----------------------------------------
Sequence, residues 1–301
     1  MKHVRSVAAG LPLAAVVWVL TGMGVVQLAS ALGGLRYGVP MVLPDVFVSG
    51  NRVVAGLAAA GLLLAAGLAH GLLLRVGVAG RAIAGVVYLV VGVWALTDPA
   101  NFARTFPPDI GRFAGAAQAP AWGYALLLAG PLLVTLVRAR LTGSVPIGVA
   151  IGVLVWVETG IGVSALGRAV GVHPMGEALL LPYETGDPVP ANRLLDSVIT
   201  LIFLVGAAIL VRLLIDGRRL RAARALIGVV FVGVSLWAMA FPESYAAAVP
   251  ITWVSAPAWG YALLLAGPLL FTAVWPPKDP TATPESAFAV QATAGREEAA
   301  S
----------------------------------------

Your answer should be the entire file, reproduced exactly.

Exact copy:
Sequence, residues 1–301
     1  MKHVRSVAAG LPLAAVVWVL TGMGVVQLAS ALGGLRYGVP MVLPDVFVSG
    51  NRVVAGLAAA GLLLAAGLAH GLLLRVGVAG RAIAGVVYLV VGVWALTDPA
   101  NFARTFPPDI GRFAGAAQAP AWGYALLLAG PLLVTLVRAR LTGSVPIGVA
   151  IGVLVWVETG IGVSALGRAV GVHPMGEALL LPYETGDPVP ANRLLDSVIT
   201  LIFLVGAAIL VRLLIDGRRL RAARALIGVV FVGVSLWAMA FPESYAAAVP
   251  ITWVSAPAWG YALLLAGPLL FTAVWPPKDP TATPESAFAV QATAGREEAA
   301  S